Did you understand that there are effectively two very distinct platforms for wordpress.org vs wordpress.com? The two are often confused by beginners, leading them to select the incorrect platform. Our consumers often ask us which platform is better:WordPress.org vs WordPress.com. We developed the most extensive comparison between free WordPress.org vs WordPress.com (self-hosted version) to assist address that.
Our objective is to highlight the main distinctions between WordPress.org vs WordPress.com so that you can choose the correct platform for your requirements.
Since choosing the right platform is crucial to your online success, we’ve created the most complete WordPress.org vs WordPress.com comparison (text comparison, table-based comparison, and a complete infographic).
You can skip this post and head over to our guides here if you just want to begin a blog or create a website the RIGHT way:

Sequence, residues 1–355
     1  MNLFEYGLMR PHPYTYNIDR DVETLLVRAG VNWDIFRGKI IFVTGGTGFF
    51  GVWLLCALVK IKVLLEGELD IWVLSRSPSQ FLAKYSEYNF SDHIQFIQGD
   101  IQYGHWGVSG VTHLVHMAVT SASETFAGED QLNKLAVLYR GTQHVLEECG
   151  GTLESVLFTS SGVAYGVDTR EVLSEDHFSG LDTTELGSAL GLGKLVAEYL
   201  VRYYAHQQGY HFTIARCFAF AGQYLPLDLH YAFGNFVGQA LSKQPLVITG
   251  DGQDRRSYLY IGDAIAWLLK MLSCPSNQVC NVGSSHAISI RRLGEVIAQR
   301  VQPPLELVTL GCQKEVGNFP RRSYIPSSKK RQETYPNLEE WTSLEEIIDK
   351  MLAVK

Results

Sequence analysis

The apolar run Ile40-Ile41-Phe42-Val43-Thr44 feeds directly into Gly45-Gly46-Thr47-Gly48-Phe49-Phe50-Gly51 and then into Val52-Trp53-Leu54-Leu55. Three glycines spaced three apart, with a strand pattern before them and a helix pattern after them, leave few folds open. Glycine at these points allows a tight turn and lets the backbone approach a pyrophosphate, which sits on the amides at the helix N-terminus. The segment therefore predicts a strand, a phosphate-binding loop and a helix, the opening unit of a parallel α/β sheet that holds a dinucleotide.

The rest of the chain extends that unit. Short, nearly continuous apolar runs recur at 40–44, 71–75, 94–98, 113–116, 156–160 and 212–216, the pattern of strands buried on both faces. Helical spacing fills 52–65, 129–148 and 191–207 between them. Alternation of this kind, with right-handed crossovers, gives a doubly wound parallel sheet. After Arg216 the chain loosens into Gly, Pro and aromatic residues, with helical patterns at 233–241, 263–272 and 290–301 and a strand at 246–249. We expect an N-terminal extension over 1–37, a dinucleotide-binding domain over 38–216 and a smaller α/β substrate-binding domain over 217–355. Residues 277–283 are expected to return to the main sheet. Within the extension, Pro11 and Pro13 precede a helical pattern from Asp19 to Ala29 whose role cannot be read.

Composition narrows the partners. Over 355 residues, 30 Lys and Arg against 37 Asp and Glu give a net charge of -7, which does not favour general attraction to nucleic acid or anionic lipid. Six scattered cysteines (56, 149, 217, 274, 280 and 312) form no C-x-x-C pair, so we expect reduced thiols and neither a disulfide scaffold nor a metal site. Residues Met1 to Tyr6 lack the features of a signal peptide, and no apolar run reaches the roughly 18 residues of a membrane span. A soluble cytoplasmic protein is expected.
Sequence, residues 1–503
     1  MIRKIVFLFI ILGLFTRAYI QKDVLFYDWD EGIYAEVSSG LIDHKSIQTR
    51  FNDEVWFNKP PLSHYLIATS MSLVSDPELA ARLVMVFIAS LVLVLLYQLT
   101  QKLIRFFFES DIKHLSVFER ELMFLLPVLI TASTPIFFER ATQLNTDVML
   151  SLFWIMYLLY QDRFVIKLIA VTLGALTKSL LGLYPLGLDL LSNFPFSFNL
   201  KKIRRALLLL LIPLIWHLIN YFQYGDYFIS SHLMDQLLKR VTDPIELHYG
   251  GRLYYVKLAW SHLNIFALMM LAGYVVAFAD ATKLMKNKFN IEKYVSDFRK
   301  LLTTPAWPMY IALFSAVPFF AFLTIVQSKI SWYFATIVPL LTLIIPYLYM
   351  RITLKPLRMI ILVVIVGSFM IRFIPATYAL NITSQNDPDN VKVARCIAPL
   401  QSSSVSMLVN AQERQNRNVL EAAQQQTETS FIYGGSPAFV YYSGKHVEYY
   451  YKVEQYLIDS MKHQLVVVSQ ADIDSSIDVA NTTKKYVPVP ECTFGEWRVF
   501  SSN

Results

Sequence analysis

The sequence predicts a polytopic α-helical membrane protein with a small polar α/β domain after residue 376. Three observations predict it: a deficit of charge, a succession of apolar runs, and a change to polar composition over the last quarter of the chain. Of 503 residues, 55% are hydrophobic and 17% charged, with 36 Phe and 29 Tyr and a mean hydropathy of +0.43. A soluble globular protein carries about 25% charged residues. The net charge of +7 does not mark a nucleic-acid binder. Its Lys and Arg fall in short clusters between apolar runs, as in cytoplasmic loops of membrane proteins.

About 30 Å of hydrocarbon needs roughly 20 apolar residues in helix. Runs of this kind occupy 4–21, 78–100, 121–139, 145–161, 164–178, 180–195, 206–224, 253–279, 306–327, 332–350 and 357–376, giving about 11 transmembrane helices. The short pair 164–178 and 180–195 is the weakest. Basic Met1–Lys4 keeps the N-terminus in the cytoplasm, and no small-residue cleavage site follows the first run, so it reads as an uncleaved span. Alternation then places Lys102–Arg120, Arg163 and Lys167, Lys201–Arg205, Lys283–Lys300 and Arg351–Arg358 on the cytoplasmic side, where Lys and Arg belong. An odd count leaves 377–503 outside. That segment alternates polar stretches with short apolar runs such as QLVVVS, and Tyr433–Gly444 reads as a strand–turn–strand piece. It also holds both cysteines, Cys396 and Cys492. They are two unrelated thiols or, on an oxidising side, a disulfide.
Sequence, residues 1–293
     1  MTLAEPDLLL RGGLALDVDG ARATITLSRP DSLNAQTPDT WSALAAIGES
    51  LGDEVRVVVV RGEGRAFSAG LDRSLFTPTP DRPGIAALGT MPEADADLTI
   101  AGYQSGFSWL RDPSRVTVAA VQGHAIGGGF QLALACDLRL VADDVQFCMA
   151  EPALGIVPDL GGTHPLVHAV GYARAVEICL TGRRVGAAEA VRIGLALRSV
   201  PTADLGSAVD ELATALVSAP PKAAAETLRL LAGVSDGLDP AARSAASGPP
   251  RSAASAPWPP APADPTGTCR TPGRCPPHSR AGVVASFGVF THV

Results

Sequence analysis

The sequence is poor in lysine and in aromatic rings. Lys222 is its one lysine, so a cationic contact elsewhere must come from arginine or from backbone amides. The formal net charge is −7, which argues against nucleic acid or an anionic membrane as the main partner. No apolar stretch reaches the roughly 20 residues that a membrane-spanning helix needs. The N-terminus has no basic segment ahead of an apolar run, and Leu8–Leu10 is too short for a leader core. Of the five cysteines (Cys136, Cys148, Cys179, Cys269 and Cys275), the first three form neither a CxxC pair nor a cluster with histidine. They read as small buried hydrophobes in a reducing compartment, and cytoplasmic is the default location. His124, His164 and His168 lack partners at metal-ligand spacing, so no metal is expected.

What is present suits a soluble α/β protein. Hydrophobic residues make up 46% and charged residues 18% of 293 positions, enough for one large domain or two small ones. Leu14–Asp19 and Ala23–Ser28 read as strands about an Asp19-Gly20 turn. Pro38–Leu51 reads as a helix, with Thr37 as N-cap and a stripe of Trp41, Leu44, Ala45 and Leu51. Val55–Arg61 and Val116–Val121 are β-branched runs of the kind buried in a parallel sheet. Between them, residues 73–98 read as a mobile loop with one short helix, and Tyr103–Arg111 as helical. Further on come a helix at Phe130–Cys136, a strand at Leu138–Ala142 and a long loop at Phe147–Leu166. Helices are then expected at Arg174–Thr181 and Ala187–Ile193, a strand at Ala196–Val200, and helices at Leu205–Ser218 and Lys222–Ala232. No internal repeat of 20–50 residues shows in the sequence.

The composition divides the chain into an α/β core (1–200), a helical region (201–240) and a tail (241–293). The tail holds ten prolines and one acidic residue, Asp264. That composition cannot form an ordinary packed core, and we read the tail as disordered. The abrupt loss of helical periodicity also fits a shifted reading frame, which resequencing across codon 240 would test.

- How to Start a Blog with WordPress (step by step)
- How to Create a Website with WordPress (step by step)
Having said that, let’s take a look at the differences between self-hosted WordPress.org vs WordPress.com.
WordPress.org vs WordPress.com Difference
The best way to understand the distinctions between WordPress.com vs WordPress.org is to take a look at each platform individually.
WordPress.org, known as “the true WordPress,” is the famous website platform you’ve heard about all the great things.
For anyone to use it is open source and 100% free. A domain name and internet hosting are all you need. That’s why it’s also called self-hosted WordPress.
Below are the pros and cons of building your website or blog using the self-hosted WordPress.org.
- It’s free and user-friendly.
- You own your website and all its information. Your website will NOT be turned off as somebody decides it’s against their terms of service (as long as you don’t do something illegal). You are in complete command.
- You can add to your website free, paid, and personalized WordPress plugins/apps.
- You can use your website design to customize as required. You can add any WordPress theme you want free or paid. You can also produce custom designs entirely or alter anything you want.
- By running your own advertisements without sharing income with anyone, you can truly make money from your WordPress site.
- You can use powerful tools for custom analytics and monitoring, such as Google Analytics.